It’s like when I’m observing those caterpillars, I might see the big changes, but I’m too often impervious to the daily graces and provisions God blesses me with that are changing me and shaping me from moment to moment.
Maybe this helps explain why asking for daily bread – not just a big loaf at the end of life or even just the sustenance I receive when I celebrate the Eucharist and eat the bread that is Him – is challenging for me.
My children, who live a fairly charmed life, don’t have much of a need for petitionary prayer. They believe the caterpillars will grow and turn into butterflies because that’s what is supposed to happen. Mom will serve them breakfast because that’s what she does every morning. God is good. God is love. Ergo, He will give them all that they need today. No need to worry about tomorrow. His daily provision is enough. It’s as simple as that.
As the Catechism explains, “[Daily] is a pedagogical repetition of ‘this day’ to confirm us in trust ‘without reservation'” (2837).
Earlier the Catechism says, “The trust of children who look to their Father for everything is beautiful. ‘He makes his sun rise on the evil and on the good, and sends rain on the just and on the unjust.’ He gives to all the living ‘their food in due season.’ Jesus teaches us this petition, because it glorifies our Father by acknowledging how good he is, beyond all goodness” (2828).
Now the Catechism does go on to point out that the word “daily” means a lot of other things, too. It’s not just about satisfying our bodily hunger but is related directly to the Bread of Life and reminds us that the Eucharist is not only a foretaste of the kingdom to come but something to be celebrated daily, if possible. Yet, for me the most poignant meaning of the word is the filial trust it demands – to keep asking and believing every single day even when our human eyes don’t see the transformation, the answered prayers, the changes, the gifts of bread.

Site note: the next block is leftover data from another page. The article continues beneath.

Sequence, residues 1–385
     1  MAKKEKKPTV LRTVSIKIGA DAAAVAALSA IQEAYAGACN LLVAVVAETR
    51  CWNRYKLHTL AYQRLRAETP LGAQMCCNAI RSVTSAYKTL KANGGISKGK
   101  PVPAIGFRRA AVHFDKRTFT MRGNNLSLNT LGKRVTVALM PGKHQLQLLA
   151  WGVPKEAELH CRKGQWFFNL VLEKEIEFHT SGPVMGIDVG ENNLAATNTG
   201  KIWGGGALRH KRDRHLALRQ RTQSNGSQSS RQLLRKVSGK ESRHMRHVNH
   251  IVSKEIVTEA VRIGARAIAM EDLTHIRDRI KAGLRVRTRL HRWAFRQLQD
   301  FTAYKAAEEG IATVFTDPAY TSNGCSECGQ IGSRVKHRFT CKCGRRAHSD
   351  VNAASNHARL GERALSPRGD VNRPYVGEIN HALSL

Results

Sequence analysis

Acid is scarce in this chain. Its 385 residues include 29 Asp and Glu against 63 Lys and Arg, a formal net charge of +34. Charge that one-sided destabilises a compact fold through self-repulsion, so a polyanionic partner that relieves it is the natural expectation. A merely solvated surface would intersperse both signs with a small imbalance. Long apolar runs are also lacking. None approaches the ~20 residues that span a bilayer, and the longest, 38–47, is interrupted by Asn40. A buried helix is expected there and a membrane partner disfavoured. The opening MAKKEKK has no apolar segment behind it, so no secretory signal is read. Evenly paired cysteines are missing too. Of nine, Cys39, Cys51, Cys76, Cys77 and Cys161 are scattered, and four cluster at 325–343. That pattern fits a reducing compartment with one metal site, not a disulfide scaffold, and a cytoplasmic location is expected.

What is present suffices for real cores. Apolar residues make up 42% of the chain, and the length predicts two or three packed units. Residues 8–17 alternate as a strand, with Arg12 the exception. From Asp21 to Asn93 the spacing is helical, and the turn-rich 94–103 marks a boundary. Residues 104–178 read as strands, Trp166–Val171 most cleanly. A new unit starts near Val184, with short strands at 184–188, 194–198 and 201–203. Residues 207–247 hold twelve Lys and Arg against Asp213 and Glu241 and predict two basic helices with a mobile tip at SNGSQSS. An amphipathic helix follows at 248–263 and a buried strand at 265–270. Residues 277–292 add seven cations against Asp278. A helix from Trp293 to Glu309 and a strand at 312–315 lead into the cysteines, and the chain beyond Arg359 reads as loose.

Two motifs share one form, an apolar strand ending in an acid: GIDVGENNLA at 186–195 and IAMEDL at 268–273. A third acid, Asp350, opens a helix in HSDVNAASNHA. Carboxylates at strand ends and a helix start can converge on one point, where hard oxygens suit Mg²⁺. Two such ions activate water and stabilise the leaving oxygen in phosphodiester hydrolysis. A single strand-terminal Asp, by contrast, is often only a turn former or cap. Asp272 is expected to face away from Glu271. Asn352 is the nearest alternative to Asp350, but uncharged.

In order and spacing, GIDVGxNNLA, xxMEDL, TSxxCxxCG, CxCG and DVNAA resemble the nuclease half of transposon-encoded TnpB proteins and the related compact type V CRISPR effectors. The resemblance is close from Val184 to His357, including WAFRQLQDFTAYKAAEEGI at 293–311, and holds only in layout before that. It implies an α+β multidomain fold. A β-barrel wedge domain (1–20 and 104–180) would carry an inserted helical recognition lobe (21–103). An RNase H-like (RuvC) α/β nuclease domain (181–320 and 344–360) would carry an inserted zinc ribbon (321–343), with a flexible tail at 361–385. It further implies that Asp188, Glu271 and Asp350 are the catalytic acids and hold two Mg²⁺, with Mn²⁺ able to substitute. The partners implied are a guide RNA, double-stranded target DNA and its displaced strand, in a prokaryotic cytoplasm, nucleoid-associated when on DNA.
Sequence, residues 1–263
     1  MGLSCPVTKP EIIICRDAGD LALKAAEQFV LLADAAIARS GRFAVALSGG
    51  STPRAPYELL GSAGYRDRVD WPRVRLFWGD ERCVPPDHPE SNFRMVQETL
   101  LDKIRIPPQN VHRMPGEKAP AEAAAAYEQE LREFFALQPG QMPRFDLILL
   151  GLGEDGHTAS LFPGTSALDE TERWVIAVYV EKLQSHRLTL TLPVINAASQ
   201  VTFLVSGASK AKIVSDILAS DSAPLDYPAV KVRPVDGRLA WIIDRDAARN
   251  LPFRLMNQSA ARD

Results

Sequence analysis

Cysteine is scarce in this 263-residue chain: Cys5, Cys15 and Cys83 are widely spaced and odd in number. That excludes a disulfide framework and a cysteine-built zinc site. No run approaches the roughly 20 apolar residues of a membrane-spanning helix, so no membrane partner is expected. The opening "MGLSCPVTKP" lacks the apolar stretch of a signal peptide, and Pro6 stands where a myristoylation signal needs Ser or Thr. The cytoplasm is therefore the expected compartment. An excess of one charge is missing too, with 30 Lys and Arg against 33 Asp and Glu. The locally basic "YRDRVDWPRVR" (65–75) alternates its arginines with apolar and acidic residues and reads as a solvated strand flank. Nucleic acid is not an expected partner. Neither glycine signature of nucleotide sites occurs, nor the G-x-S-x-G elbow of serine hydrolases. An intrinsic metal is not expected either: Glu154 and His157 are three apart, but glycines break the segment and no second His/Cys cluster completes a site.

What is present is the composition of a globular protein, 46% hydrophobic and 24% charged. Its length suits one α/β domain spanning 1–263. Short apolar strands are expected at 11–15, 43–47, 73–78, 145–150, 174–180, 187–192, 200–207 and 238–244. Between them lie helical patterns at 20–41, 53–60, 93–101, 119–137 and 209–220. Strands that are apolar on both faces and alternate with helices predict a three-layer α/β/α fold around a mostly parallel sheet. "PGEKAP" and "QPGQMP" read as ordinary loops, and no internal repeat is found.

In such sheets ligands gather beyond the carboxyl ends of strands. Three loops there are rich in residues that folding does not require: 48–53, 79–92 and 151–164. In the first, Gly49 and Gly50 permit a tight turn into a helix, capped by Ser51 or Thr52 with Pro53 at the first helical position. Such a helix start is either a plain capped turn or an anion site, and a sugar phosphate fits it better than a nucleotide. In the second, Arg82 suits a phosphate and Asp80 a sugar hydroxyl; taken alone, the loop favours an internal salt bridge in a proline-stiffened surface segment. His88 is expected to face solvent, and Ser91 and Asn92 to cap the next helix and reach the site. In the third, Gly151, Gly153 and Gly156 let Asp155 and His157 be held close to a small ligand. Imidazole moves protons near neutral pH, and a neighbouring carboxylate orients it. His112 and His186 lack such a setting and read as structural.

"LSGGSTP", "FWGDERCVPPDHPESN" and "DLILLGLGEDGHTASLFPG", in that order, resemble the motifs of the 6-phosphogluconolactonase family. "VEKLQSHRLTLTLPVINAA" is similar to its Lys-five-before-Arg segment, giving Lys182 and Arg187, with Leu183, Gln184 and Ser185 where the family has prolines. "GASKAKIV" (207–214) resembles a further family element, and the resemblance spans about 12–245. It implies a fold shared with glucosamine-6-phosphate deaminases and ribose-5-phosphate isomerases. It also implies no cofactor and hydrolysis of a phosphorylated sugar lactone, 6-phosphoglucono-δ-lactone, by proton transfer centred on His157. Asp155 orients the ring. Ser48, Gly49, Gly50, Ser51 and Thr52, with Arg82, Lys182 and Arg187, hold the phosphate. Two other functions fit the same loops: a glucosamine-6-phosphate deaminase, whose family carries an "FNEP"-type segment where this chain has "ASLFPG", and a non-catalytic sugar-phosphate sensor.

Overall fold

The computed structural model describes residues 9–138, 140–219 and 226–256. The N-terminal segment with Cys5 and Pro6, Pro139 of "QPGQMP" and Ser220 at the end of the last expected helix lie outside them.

Rote prayers are meant to speak to our personal souls, and this is really what the word “daily” seems to be asking of me: To believe in the grace of God. To believe He will sustain all of us and give us all that we need on a daily basis – not just at the end of time, not just at the Eucharistic banquet. To trust that just as I fill my children’s cups every day, God will fill me up, too.
Yet, “daily” reminds me, too, that I must not live as if I have no taste for His daily bread and think that I have everything I need and don’t need to depend on God. And if I don’t feel like my needs are being met, I must resist the temptation in assuming it’s my fault (or someone else’s) and/or that I can fix it all on my own.
“Daily” asks me to place a childlike confidence in God that He will make up for both my temporal and spiritual insufficiencies.
Finally, it invites me to believe – just as my children believe in the power of metamorphosis – not only in the gift of daily manna but in my own day-after-day transformation, in my becoming, slowly, slowly more like Him.
Kate Wicker is a mom of three little ones with one on the way, a blogger extraordinaire, and author of the upcoming book Weightless: Making Peace with Your Body (which I hear has an AMAZING foreword…cough-cough).